“Once a violation is first filed, the Elections Committee decides on whether it is considered a major or minor violation as well as the penalty if necessary within 24 hours. General classifications are in the code, but decisions are based on discussions between committee members and are voted upon on a case-to-case basis depending on the exact evidence provided by the violation submitter. Details related to evidence are confidential but that is the general process,” Chung said.

According to the SGA Elections code, penalties can vary depending on the severity of the violation. Minor violations result in penalties like vote deductions, but major offenses, such as tampering with the elections process, permanently disqualify candidates from ever holding an SGA position and could incur disciplinary action from the Office of Student Integrity. 

“Penalties are decided in the process as above, through discussion and voting. Final decisions are by majority vote and the [Undergraduate Judiciary Cabinet] UJC also gives input if necessary. Again, the process depends on each election because unexpected things can always come up. In these cases, like for this election cycle, the timing of results can sometimes be unfortunately affected,” Chung said. 

The deliberations of these penalties depend significantly on the analysis of each individual case, and they include in-depth conversations with the Elections Committee, select members of the UJC and Dean of Students John Stein, who is also SGA’s staff advisor. Similar to previous years, there were multiple election violations that the committee reviewed and either found the parties to be not guilty or found that their actions did not amount to a penalty.

“Our responsibility as a committee is to interpret violations directly against the provided evidence and the words of the Elections Code. So we have very little room to consider broader or personal context while remaining unbiased, but we still have to be reasonable towards all the candidates. Ideally, we wouldn’t penalize anyone because the votes of the student body should hold the most weight in these elections. But when certain positions are contested, the natural competition makes that more difficult,” Chung said.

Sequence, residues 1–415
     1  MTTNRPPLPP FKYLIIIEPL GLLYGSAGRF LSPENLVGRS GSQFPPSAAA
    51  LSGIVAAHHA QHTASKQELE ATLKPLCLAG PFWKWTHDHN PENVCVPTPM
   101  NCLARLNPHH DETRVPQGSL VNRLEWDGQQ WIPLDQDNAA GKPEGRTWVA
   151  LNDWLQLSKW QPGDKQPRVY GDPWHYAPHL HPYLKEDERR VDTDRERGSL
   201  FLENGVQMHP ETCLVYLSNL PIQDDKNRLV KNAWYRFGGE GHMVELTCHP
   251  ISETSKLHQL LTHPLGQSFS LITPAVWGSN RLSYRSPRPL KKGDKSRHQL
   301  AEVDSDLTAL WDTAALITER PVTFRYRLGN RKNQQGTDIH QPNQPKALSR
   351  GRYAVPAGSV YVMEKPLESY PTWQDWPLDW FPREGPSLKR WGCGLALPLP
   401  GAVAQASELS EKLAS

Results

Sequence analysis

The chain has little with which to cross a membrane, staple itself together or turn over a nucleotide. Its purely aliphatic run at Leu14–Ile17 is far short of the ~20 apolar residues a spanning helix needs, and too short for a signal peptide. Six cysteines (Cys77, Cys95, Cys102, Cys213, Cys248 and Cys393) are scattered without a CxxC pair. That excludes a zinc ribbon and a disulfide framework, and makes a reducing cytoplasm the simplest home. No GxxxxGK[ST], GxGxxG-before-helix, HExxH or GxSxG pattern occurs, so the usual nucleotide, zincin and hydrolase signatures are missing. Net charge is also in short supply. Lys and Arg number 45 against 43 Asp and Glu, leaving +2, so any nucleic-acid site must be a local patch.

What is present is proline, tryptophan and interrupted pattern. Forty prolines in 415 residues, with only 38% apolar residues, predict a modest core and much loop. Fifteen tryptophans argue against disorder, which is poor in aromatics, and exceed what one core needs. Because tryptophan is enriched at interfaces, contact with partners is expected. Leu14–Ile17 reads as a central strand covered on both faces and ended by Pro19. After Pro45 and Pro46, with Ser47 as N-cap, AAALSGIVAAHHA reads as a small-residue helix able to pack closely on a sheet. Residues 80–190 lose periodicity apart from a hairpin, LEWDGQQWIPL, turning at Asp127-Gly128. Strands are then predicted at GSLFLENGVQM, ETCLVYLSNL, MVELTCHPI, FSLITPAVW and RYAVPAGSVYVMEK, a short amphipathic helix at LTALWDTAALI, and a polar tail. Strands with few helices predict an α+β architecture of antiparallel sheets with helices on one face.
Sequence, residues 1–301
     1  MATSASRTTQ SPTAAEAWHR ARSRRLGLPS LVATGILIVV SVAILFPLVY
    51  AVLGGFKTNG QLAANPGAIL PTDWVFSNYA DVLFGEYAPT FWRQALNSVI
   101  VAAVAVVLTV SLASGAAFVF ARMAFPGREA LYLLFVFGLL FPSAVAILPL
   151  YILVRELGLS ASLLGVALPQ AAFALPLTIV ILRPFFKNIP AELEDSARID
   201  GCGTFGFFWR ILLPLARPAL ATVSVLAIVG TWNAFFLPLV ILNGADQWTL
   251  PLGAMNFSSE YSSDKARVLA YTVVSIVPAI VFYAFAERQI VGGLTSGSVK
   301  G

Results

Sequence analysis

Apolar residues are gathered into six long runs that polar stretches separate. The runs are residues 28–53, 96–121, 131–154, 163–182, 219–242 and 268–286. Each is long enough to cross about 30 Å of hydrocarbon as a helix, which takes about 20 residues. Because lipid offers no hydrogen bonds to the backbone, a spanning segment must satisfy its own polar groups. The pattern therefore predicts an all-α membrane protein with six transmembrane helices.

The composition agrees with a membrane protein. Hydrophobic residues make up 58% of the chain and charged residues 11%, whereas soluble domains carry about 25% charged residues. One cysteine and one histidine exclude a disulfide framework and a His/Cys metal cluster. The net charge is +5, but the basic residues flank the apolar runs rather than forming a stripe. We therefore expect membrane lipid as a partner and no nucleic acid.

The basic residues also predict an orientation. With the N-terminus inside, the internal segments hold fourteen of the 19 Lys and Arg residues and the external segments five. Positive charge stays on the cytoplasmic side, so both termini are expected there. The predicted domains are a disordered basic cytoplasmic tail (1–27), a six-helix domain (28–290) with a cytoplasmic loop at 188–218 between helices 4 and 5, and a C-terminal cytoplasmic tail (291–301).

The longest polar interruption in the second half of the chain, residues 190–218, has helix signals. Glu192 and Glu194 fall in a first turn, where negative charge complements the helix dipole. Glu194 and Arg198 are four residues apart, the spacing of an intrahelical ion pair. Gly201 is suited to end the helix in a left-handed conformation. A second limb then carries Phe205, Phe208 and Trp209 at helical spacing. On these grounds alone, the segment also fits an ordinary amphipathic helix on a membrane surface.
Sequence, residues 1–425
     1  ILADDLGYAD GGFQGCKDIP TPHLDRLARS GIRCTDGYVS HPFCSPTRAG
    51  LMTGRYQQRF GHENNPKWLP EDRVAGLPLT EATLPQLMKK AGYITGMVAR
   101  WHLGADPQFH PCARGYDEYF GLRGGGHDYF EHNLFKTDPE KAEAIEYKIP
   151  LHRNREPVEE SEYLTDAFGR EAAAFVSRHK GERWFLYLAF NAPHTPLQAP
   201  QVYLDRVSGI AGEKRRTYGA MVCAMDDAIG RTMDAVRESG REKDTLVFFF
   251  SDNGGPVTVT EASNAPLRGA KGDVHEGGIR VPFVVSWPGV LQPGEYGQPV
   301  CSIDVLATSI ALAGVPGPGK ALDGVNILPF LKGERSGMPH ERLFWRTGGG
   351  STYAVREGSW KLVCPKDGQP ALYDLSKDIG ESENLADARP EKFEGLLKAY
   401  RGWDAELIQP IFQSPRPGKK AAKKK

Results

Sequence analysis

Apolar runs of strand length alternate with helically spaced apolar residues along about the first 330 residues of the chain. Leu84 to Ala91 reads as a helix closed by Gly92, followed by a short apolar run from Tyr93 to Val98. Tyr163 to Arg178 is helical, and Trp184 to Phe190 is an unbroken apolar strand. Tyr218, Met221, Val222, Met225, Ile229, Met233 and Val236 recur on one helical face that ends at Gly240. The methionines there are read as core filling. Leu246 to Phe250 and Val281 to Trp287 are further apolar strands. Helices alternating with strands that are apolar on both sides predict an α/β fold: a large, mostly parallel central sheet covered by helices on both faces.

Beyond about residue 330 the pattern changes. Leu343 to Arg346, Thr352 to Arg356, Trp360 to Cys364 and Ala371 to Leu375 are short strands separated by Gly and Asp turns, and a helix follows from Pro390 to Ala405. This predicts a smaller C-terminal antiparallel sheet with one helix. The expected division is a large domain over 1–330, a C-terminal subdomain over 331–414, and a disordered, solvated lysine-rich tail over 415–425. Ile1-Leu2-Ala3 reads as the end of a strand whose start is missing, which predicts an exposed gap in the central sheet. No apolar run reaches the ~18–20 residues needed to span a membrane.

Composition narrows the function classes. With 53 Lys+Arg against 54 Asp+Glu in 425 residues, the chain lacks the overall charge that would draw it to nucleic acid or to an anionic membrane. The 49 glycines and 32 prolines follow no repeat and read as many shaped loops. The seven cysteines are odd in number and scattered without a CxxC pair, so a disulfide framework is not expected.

Though the aforementioned candidates were penalized for election violations, the election results illustrate that they did not skew the Executive Ticket vote enough to significantly affect its outcome. 

As of Monday, all results are final, and Virani and Haley will be next term’s SGA President and Executive Vice President. At the announcement, Virani and Haley expressed their enthusiasm for the upcoming term. 

“We’re really looking forward to [the next year] and grateful to the Elections Committee for the smooth process, even if it was a little delayed. … There’s been a lot of things that this administration is still working on that we want to pick up and keep momentum on [while] starting our own initiatives in the new semester,” Haley said. 

This year’s SGA ballot also featured expansions in student representation, like an increased number of representatives for larger majors like CS. Amanda Ehrenhalt, second-year ISYE, will fill the previously vacant role of Athletics Representative this term. 

“I’m looking forward to increasing the alliance and connection between the Athletics community and the greater student body. Through close collaboration with the Georgia Tech Athletics Association and the Student Athlete Advisory Board, I hope to focus on events involving the Total Person Program and SGA. As I step into this role, I am eager to receive feedback from students in all spheres of campus with the goal to build our representation and foster an interconnected campus of all students across Tech,” Ehrenhalt said.

Notwithstanding the violations, all of the SGA candidates in this election season exhibited a strong dedication to serve the interests of the student body. Later this month, the new officials will be inaugurated at the SGA banquet, ushering in a suite of students eager to make an impact on student life at the Institute.